Ministers Highlight Importance Of Responsible Antimicrobial Use

Ministers have highlighted the importance of the responsible use of antimicrobials, marking the start of World Antimicrobial Awareness Week (WAAW).

WAAW runs from 18-24 November this year with the overarching slogan 'Antimicrobials: Handle with CARE' and a campaign message of 'Spread Awareness, Stop Resistance'. The aim is to increase awareness of global antimicrobial resistance (AMR) and to encourage best practice among the general public, health workers, farmers, animal health professionals and policy makers, to avoid the further emergence and spread of drug-resistant infections.

In support of WAAW, Agriculture Minister Edwin Poots MLA said: "I am pleased to support the World Antimicrobial Awareness Week. The campaign will highlight the key issues, enable you to address AMR, outline the training available through the Farm Family Key Skills program and provide guidance on preparing a herd health plan in conjunction with your vet.

"Antimicrobial Resistance awareness week carries a very important warning to farmers about the dangers to animal health of over reliance on antibiotics amongst herds. Recently published data indicating a continuing reduction in UK antibiotic sales, in food producing animals since 2011, placing us 5th lowest across 31 European countries is an achievement to be celebrated. However we must continue the fight against AMR and strive for further improvement."

Health Minister Robin Swann added: "Antimicrobial resistance (AMR) is a serious and growing global public health concern. The use of antibiotics is essential for saving lives in conditions such as sepsis, and without effective antibiotics, even minor surgery and routine operations could become high risk procedures due to the increased likelihood of infection by resistant organisms.
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"The COVID-19 pandemic has brought into stark focus the importance of maintaining and extending the efficacy of existing and emerging antimicrobials in treating infectious diseases. The pandemic has also highlighted the importance of infection prevention and control (IPC) measures to tackle AMR, targeting both healthcare and community infections. We will seek to build on the advances and investments made in these vital measures that have been integral to the COVID-19 response, but we must act strongly across public, animal and environmental health if we are to curb the silent pandemic of antimicrobial resistance."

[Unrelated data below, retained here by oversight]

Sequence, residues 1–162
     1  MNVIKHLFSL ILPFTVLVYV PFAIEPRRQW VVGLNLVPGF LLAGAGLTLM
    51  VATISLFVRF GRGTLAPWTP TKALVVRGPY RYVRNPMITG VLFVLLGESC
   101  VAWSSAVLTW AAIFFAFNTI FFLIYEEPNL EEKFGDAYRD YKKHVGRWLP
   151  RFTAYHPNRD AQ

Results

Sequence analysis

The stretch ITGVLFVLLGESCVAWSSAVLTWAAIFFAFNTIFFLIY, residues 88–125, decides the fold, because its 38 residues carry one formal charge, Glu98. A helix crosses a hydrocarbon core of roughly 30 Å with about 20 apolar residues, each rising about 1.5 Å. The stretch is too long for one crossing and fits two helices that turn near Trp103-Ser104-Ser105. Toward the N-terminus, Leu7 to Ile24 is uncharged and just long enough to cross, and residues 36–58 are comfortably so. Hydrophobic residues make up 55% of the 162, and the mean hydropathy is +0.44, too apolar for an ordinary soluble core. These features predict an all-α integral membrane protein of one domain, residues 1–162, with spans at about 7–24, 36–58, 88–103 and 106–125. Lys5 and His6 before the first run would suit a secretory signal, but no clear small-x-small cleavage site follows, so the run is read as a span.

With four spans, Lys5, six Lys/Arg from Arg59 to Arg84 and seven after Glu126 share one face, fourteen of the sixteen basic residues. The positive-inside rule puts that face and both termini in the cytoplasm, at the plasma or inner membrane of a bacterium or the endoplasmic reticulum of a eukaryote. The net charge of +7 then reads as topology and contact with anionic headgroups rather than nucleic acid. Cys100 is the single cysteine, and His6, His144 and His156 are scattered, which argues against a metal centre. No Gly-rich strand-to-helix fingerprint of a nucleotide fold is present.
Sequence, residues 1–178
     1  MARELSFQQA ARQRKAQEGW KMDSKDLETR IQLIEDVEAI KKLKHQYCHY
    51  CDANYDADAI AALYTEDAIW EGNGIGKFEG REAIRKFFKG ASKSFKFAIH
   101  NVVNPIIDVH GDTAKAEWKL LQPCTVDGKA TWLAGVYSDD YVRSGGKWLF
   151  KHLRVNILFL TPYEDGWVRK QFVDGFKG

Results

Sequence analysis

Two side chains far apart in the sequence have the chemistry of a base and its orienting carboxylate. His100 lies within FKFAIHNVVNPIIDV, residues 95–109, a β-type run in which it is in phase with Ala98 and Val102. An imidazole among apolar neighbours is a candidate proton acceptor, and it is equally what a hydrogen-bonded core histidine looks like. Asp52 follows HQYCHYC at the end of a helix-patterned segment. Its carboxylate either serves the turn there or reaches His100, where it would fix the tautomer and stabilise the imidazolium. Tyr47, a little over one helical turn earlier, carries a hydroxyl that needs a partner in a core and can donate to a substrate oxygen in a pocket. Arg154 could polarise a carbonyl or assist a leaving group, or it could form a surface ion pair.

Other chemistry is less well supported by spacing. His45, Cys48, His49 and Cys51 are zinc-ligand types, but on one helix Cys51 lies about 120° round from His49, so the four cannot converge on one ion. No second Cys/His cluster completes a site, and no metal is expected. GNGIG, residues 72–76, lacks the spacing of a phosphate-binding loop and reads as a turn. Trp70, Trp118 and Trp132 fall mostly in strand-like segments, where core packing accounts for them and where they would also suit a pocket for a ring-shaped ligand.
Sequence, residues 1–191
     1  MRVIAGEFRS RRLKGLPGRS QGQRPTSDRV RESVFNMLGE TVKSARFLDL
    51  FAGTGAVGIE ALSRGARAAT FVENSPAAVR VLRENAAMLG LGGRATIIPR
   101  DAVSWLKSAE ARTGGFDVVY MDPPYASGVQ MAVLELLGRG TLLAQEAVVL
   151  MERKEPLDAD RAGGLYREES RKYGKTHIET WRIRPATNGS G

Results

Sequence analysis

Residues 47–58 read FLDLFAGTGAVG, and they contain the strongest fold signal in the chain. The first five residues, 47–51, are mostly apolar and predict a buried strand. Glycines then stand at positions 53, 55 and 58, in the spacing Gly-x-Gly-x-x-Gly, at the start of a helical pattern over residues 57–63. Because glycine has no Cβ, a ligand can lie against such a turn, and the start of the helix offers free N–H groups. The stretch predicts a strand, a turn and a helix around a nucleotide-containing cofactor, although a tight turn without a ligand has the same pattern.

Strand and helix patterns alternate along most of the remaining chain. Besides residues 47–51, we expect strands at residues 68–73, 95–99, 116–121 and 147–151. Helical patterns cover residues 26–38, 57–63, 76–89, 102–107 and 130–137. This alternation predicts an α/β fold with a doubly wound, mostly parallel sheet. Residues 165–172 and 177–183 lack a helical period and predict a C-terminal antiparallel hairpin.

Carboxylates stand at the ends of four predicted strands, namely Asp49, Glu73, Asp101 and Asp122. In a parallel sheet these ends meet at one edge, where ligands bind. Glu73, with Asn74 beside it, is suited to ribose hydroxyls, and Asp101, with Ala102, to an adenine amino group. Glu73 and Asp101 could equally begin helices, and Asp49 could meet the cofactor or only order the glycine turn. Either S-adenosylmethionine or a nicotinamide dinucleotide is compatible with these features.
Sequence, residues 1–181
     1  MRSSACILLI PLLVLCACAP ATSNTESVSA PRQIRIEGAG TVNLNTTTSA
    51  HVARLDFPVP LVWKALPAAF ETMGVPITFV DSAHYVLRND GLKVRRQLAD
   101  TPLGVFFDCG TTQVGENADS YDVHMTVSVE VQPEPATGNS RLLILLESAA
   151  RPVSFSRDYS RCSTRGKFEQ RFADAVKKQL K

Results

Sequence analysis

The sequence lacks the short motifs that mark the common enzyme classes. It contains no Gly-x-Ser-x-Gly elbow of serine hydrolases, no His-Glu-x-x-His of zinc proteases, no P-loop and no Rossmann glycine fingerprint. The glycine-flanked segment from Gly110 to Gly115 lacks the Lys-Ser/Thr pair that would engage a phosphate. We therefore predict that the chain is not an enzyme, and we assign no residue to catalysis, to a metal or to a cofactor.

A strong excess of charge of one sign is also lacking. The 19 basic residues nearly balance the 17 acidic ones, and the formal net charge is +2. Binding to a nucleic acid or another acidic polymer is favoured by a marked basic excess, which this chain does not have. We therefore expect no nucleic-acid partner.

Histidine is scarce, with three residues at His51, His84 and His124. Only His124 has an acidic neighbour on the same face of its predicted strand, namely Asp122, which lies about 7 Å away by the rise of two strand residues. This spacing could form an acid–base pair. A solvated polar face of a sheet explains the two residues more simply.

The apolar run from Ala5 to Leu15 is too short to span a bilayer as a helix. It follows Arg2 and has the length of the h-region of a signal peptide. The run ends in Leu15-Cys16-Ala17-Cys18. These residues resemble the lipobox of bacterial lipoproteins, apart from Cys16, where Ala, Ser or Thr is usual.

DAERA will be promoting the campaign alongside MyNI to highlight the risk of AMR to the agricultural and environment sectors and provide important advice on how farmers can contribute to the 'One Health' fight against AMR whilst simultaneously protecting and improving animal health and welfare and ensuring a sustainable future for farming.

Farmers are encouraged to participate in the CAFRE Farm Family Key Skills Responsible Use of Antimicrobials courses that are available free of charge online or now in person.

Just days ahead of WAAW, the UK Veterinary Antimicrobial Resistance and Sales Surveillance Report was published on 9th November 2021. This report presents data on veterinary antibiotic sales, usage and antimicrobial resistance (AMR) in food-producing animals in the UK, measuring progress towards ambitions set out in the UK's Five Year National Action Plan, 20 year Vision and the NI Action Plan 'Changing the Culture' to contain and control AMR. The report shows that the UK is maintaining effective antibiotic stewardship in our livestock sector: 2020 has seen the second lowest recorded amount of antibiotics sold for use in food-producing animals, at 30.1 mg/kg, and further reductions in farm-level antibiotic use have been reported by the pig, chicken, turkey, and gamebird sectors.

DAERA Chief Veterinary Officer Dr Robert Huey said: "Antimicrobial resistance (AMR) is one of the most serious threats to both public, animal and environmental health across the world. It is the silent pandemic.

"Scientists estimate that AMR is likely to have caused a third as many deaths as COVID-19 in 2020 and to cause 10 million deaths per year by 2050 if unchecked. As microbes evolve, new strains emerge that cannot be killed by antibiotics. One of the main drivers for the emergence of these drug resistant microbes is the over-use and inappropriate use of antibiotics in both humans and animals. The agricultural and environment sectors must continue to build on the work already done, in partnership with Government within a 'One Health' approach, in order to ensure the continued availability of effective antimicrobials across both the human and animal health sectors."

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